According to a recent study, an estimated 98,000 people die each year from preventable medical errors. This means medical errors claim more lives than car accidents, breast cancer, or AIDS. Patient safety is something that should be at the forefront of every healthcare professional’s mind, as the wellbeing and well-being of patients are always at risk when it comes to medical procedures and treatments. The last thing you want is for an error or mistake to put your patients in danger, resulting in physical or psychological harm.
Allow Patient Access to EHR Data
One way to avoid medical record misinformation is to give patients direct access to their own electronic health records (EHRs). This way, they can see for themselves what treatments have been prescribed and what tests have been ordered. Not only does this help patients feel more empowered and in control of their own health, but it also helps them catch any errors that may have been made in their records.
Care for Hospital Environment
Maintaining a hospital environment is crucial for promoting patient safety. Hospitals are busy, bustling places where there is literally no room for error. Every medical team needs to be working together seamlessly in order to ensure that patients receive the best care possible, and maintaining a clean, organized environment helps to facilitate this seamless collaboration. From eliminating clutter on the floors to keeping equipment in proper working order, ensuring a clean and organized hospital environment is a constant task that requires diligence, attention to detail, and an unwavering focus on patient safety.
Robust Patient Identification Technology
While patient safety is a top priority in any healthcare setting, poor patient identification remains a major barrier to delivering safe, high-quality care. This is especially true in emergency settings, where there are often multiple patients coming through the doors at once and staff members are under great pressure to quickly triage, diagnose, and treat patients as efficiently as possible. Thanks to robust patient identification technology, these challenges can now be overcome. That means using systems that can accurately identify patients by their unique characteristics, such as fingerprints or iris scans. This way, you can be sure that the right patient is getting the right treatment, and not vice versa.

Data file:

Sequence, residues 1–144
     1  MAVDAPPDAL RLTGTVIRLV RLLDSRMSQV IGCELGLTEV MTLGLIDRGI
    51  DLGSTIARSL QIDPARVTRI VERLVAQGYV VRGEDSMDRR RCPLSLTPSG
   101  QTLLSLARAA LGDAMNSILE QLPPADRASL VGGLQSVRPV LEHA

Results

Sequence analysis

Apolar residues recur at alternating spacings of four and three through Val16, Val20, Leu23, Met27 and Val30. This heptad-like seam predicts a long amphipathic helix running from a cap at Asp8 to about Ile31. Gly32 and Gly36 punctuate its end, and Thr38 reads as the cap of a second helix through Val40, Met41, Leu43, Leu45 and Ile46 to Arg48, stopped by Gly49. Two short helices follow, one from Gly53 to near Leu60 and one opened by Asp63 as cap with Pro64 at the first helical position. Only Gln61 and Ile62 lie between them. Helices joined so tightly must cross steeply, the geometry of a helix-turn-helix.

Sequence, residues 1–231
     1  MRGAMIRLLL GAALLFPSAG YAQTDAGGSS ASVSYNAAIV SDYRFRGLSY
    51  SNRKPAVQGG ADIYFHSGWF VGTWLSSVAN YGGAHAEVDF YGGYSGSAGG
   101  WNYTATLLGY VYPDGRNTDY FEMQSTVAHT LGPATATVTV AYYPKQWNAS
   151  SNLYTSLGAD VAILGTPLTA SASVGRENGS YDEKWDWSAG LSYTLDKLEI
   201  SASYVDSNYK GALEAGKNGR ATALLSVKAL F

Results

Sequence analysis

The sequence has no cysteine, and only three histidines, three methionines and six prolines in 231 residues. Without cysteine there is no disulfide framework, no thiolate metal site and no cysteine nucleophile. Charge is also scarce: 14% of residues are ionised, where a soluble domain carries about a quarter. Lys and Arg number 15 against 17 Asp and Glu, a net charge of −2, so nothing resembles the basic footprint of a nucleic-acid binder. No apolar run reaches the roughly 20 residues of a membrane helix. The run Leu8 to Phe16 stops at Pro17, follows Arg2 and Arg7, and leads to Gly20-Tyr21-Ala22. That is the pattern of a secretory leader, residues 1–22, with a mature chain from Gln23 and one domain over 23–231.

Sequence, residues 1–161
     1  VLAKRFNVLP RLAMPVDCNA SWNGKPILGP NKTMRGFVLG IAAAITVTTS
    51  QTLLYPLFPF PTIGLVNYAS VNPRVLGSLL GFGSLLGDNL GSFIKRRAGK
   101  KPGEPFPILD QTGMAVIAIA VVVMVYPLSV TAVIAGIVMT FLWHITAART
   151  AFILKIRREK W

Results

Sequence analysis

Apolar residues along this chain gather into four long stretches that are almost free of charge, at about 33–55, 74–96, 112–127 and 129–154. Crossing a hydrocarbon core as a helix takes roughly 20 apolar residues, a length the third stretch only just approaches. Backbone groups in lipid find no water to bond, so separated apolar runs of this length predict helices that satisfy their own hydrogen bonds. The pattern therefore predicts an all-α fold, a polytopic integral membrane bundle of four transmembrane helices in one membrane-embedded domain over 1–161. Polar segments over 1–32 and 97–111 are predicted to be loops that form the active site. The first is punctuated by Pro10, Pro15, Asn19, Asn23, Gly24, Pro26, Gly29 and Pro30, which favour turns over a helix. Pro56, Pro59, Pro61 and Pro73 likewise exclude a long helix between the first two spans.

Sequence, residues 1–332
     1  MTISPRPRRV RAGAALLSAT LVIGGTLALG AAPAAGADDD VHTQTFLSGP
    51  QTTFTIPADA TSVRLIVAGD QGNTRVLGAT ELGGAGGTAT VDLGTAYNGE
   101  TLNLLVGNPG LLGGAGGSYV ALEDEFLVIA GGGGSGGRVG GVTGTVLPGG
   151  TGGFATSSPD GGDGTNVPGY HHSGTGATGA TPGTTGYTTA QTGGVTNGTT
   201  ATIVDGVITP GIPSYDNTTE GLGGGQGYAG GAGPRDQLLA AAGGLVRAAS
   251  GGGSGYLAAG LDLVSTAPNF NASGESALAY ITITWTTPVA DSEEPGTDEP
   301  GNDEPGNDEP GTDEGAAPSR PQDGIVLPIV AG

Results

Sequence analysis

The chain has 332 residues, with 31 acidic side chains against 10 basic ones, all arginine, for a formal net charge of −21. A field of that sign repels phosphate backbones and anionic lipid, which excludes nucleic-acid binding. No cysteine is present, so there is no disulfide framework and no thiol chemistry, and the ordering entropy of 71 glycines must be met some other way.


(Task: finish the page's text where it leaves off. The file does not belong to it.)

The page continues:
With solutions like RightPatient, nurses, doctors, and other medical personnel can easily retrieve accurate EHRs using patient photos – the platform runs a biometric search to provide the EHR saved with the same patient photo. This information can then be cross-referenced with data from previous encounters with that particular patient or with past tests or procedures performed for that person. As a result, critical errors such as misdiagnosis or overprescription of medications and treatments can be avoided.
Encourage Healthcare Professionals to Continue Education
One of the best ways to improve patient safety is to encourage healthcare professionals to continue their education on an ongoing basis. The healthcare landscape is always changing, new treatments are being developed, new technologies are being introduced, and new regulations are being put into place. Enrolling in different programs like ABSN programs can help nurses stay up-to-date with their careers.
Encouraging healthcare professionals to take distance learning courses or pursue specialized certifications online like distance accelerated BSN online can help to keep their skills current while also providing them with much-needed support and renewed energy. Not only does education improve patient safety by helping healthcare workers stay up-to-date on new treatments and best practices, but it also helps to boost morale and reduce burnout in an otherwise incredibly stressful profession.
The goal of any healthcare professional should be to prioritize patient safety. By focusing on this simple but important goal, healthcare professionals can avoid medical errors and ensure that everyone receives the treatment they need. This includes making sure that facilities have appropriate safety measures in place, schedules are flexible enough to allow medical professionals to respond quickly in an emergency, and approach each new patient with sensitivity and compassion.